1700 AD

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1700 AD

Judith Boynton founded a free school by her will in November 1700.  Her estate called White Carrs at Thornton Riseborough was charged with the annual sum of 6, 5 was for a schoolmaster and 1 for purchasing bibles for the poor.  The money came from rented farmland.  The parish register reveals a tough life in those days.  In March 1714 James Brown and his wife Mary buried their son.  By July of the same year Mary was dead - very probably due to childbirth complications.


Normanby School c.1910


In May 1715 James, a yeoman, married Elizabeth Carlin (a yeoman was a free tenant but as he worked with his hands he was not a 'gentleman', although above the status of other tenants).  Their daughter, Penelope, was baptised in March 1716 but was buried in October of the same year.  Yet by January 1717 another daughter, again called Penelope, was baptised, but she was dead by June the following year.  It was common to use family names again if off-spring died.


Life was full of dramatic events on a background of day to day routine toil in the fields.  If a person could survive the then fatal childhood illnesses and become used to the water then they could live to a ripe old age.  There are records of between 80 and 97 years.


Other names in the parish register that century included Dawson, Hatter, Dring, Hinds, Sparling, Borriman, Chambers, Sigsworth, Marshall, Walton, Barker, Barton, Cook, Tyndal, Savage, Jackson and Flinders.  The Rector for much of this time was Christopher Bowes, later Richard Hill.  Churchwardens included George Sparling.  Philip Bainbridge was the curate in 1715, Philip Dowkes for the latter half of the century.  The blacksmith in 1735 was Rob Wilson.


The main occupations were naturally related to farming.  Some parish register entries mention jobs including John Huddlestone, weaver; William Douthwaite and James Thompson, day labourers; John Thompson, pauper; Joseph Brough and John  Browne, manservant's; Thomas  Bolton,  Flax  Draper; William  Harrison  a  Sergeant in the North Yorkshire Militia; Robert Trowsdale of Normanby House, a carpenter; John Taylor a Waggoner to Mr Stockdale at Sinnington House.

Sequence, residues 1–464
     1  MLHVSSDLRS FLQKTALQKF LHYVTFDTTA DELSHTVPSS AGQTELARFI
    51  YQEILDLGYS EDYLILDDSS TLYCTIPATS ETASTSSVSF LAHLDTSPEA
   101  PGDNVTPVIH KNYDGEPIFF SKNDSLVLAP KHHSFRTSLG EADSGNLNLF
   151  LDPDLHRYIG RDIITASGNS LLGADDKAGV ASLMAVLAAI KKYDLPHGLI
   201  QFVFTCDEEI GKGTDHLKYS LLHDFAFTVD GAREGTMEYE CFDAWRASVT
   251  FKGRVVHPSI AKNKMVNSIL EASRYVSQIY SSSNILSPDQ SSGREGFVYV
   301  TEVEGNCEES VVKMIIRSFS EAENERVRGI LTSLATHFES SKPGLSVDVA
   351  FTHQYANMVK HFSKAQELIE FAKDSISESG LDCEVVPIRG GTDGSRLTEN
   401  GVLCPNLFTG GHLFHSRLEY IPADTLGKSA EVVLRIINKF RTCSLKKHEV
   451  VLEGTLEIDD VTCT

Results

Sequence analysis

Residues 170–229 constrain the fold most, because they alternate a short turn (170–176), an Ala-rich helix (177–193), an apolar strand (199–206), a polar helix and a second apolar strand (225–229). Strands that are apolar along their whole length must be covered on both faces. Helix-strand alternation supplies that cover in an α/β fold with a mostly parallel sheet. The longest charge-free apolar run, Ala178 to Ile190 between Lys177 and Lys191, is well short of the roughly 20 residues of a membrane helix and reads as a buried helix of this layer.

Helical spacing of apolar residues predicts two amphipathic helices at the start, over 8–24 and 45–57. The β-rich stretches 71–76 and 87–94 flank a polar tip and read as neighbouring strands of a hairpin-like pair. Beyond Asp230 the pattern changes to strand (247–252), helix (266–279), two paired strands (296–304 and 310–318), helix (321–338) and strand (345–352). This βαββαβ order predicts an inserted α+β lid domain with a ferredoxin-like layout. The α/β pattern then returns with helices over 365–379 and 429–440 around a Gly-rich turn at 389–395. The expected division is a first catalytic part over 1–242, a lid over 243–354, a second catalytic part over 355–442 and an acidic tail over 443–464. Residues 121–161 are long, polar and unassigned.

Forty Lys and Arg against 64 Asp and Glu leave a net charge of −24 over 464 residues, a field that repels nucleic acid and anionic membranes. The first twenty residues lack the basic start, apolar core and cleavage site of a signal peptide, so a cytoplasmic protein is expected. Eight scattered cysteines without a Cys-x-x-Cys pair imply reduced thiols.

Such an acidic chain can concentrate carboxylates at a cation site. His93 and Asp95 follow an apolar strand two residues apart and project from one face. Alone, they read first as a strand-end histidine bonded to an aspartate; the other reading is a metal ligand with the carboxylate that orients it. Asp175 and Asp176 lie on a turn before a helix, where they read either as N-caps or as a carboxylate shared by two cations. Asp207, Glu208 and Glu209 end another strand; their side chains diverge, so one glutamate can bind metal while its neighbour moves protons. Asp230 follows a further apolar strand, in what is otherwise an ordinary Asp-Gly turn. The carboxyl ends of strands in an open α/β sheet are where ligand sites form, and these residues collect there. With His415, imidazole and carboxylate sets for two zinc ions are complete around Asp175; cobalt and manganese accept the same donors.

This period included the passing of many acts of parliament to enclose agricultural land.  Before 1735 the death penalty for witchcraft still applied.  The improvement of some roads through the creation of turnpike trusts enabled quicker stagecoach services.  They provided tempting targets for robbers and highwaymen.


In 1750 or thereabouts Pasture House was built and became the home of the blacksmith.  John Wesley visited the area in 1764.


In 1795 the Whig government introduced allowances for unemployed or low paid workers. As a result many farmers began to reduce wages and employ labourers on a casual basis.  Sometimes whole parishes were living on the dole according to Poor laws dating back to 1597 and 1601.  As a result an act in 1834 said that no able bodied person could obtain relief except by entering a workhouse.  This rule led to miserable lives for many poor people.




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